For some would-be homeowners, one of the most challenging aspects of home buying is a down payment. Turning a monthly rental check into a mortgage payment may be no sweat for some. Keeping up with the responsibilities of owning? Bring it on. But, in certain cases, several thousand dollars down to secure your new digs? Easier said than done.
There may be options for well-qualified buyers who struggle to save enough or don’t have access to other qualifying down payment funds. One of these options may be a down payment assistance program (DAP).
What’s up with down payment assistance?
DAPs have been around since before the housing crash of 2008, and are offered by non-profits, cities, employers and state entities. Each down payment assistance program comes with specific criteria the borrower must meet in order to be eligible to receive assistance through the program. Some examples of these criteria are being a first-time homebuyer, or making a commitment to occupy the property for a certain amount of time.
Many of the programs have income limits to assist low-to-moderate income borrowers or require the purchased property to be within a certain geographic location in order to meet community lending or neighborhood revitalization goals. Sometimes a DAP goes beyond financial assistance to help home buyers prepare for homeownership, such as homebuyer education seminars or counseling.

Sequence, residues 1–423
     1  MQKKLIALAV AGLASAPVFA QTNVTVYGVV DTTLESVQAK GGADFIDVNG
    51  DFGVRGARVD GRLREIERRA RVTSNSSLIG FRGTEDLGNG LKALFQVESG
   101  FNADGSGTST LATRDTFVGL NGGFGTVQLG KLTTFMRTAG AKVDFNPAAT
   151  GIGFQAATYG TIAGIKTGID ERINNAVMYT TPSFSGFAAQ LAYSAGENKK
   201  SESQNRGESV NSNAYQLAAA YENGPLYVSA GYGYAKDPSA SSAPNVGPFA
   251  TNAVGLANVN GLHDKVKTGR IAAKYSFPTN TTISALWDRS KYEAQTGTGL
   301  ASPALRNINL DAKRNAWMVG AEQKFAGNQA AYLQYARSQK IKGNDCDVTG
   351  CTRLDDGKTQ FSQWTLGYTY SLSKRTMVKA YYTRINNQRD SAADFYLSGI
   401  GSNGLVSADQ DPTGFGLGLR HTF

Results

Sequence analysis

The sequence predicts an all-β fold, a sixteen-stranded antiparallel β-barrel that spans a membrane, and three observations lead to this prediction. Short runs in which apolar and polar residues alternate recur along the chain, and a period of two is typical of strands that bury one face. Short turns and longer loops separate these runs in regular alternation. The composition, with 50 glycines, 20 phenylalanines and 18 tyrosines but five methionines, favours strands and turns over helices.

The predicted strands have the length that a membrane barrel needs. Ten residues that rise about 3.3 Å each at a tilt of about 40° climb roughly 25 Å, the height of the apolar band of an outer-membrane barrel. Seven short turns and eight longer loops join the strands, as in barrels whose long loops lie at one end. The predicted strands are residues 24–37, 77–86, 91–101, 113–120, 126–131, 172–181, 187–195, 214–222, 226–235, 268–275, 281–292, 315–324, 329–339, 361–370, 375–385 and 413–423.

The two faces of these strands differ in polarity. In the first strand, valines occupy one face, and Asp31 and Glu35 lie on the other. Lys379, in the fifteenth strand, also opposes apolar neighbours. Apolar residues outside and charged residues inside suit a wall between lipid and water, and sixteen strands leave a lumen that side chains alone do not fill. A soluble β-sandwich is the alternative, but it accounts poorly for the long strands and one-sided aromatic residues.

A loan officer may suggest applying for a DAP because they may provide better value for the consumer than assistance offered through state finance agencies or bond programs where the first mortgage interest rate is increased to cover the down payment assistance.
A few types of down payment assistance programs are:
Subordinate Liens: the down payment assistance is in the form of a “second lien” on the subject property, meaning it’s a separate mortgage loan identified by its own Promissory note and mortgage deed. Some of these programs may carry a 0% interest rate and may have forgivable terms.
Gifts/Grants: the down payment assistance comes in the form of a gift or grant that does not need to be repaid so long as you own and occupy your home for a specified period of time.
Individual Development Accounts (IDAs): down payment assistance is in the form of a matched savings program where the entity offering the DAP will match all or part of the amount the borrower saves for the down payment.
Though organizations run their own programs, there is oversight by the Department of Housing and Urban Development, which sometimes steps in to revise or eliminate a program or a type of program. For example, after the housing crash of 2008, the government prohibited seller-funded programs.
If you’re in the market for a home and want to learn if you’re eligible for a DAP, contact a qualified loan officer to help you identify programs you may be eligible to apply for , but keep in mind not all lenders participate in all DAPs.